Sign of the Times: Can HOAs Prohibit Political Sign Displays?
Are you a fan of candidate and election signs that have cropped up everywhere before the recent primaries and in anticipation of the upcoming general election?
Perhaps you see them as a proud hallmark of our democracy in action. Perhaps you yourself have staked a sign in your lawn advocating for a particular candidate or issue and view your ability to do so as a fundamental right. Or maybe you wish your neighbor would take down the signs in her lawn because they are polarizing in this sensitive political climate. Maybe, in your view, the signs littering the greenspace in the neighborhood serve only to detract from the property values in your community.
Because people have strong and differing views on the subject, many of our homeowner association (HOA) clients have been wrestling with whether to allow the display of political signs on the lots in their communities. Our clients are faced with this issue where the recorded HOA Declaration prohibits the display of such signs on the lots. Some Declarations, for example, prohibit all outdoor signs in the community. Others mandate that the only permissible signs on the lots are for-sale signs.
Recognizing that a prohibition on the display of political signs is controversial, our clients ask us whether they can and should enforce it. Contrary to popular belief, our answer is not the same across the country due to the First Amendment to the U.S. Constitution. As a general matter, the federal Constitution limits the powers of the government and not private entities, like HOAs. HOAs generally are not subject to the First Amendment guarantee of freedom of speech.
To the contrary, our answers largely depend on where the community at issue is located. While federal law does not govern the issue, state and local laws may protect the right of citizens to display political signs on their property even if they live in an HOA.
Under Maryland law, for example, an HOA’s Declaration may not prohibit homeowners from displaying political signs on their lots. It may only impose limits on when such signs may be dis- played. The time limits must correspond to those limits set forth in the law of the local jurisdiction to the extent that such a law exists. In Howard County, Maryland, for example, political signs may be displayed 60 days prior to and seven days after the election. If there is no local law on-point, then the state law provides that the Declaration may restrict political signs to a period not less than 30 days before and seven days after the election.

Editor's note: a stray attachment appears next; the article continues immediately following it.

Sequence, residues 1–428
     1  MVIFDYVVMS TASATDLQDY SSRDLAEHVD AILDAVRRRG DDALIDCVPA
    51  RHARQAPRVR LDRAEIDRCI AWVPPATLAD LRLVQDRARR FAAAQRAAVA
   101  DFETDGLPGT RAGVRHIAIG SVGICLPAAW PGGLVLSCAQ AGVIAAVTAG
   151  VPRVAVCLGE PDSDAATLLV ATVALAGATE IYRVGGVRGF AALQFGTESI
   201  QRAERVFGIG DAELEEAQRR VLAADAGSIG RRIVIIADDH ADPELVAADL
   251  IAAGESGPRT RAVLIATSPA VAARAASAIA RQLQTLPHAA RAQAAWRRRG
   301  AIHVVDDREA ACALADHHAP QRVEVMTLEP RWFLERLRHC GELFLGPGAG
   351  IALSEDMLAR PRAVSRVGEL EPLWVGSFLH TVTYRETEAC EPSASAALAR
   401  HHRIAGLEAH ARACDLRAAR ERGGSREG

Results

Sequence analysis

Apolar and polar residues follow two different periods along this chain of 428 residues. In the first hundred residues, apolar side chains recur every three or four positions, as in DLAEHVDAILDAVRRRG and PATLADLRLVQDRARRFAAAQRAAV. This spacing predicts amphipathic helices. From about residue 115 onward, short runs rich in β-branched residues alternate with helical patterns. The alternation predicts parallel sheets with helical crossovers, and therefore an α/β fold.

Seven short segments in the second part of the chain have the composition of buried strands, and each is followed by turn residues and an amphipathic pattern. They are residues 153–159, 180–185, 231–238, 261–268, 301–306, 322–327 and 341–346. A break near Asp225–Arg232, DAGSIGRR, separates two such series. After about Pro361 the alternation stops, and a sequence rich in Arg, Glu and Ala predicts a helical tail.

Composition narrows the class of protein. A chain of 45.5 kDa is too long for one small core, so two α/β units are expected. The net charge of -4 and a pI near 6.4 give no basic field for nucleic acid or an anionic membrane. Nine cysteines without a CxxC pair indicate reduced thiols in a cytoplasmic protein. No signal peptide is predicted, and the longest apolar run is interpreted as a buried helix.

By contrast, Virginia and the District of Columbia have no laws on the books at this time granting homeowners in HOAs the right to display political signs on their property. Accordingly, in those jurisdictions, an HOA is free to enforce a provision in its Declaration that prohibits the display of political signs on the lots. A court will likely uphold the HOA’s enforcement action also because the HOA decisions in those jurisdictions are reviewed using the deferential “business judgment” standard.
But, as we all learned growing up, just because you can do something doesn’t mean that you should. HOAs may not want to enforce an outright prohibition on the display of political signs even if they may legally do so. There may be homeowners in the community who are passionate about political issues and their perceived legal rights. Those homeowners may be willing to wage a costly legal battle against the HOA even though they are likely to lose. The HOA may want to avoid spending limited community resources on the suit, especially if the community is divided on the issue.
In such instances, the HOA may want to regulate instead of prohibit political signs to appease those homeowners who want to display them while also addressing the concerns of those homeowners who consider political signs to be an eyesore. In such instances, the HOA may consider limiting the number and size of signs permitted on each lot, and prohibiting hand-written signs, in addition to limiting the time during which signs may be displayed.
A community association attorney can advise an HOA facing this issue with regard to the local law and any legal development on the subject. The attorney can also assist an HOA to amend its governing documents to specifically address or regulate the issue of political signs should the HOA decide to do so.
Shirley Steinbach is an attorney who counsels community associations in Maryland, DC, and Virginia. For more information about posting political signs in communities, contact her at 301-657-0172 or email@example.com.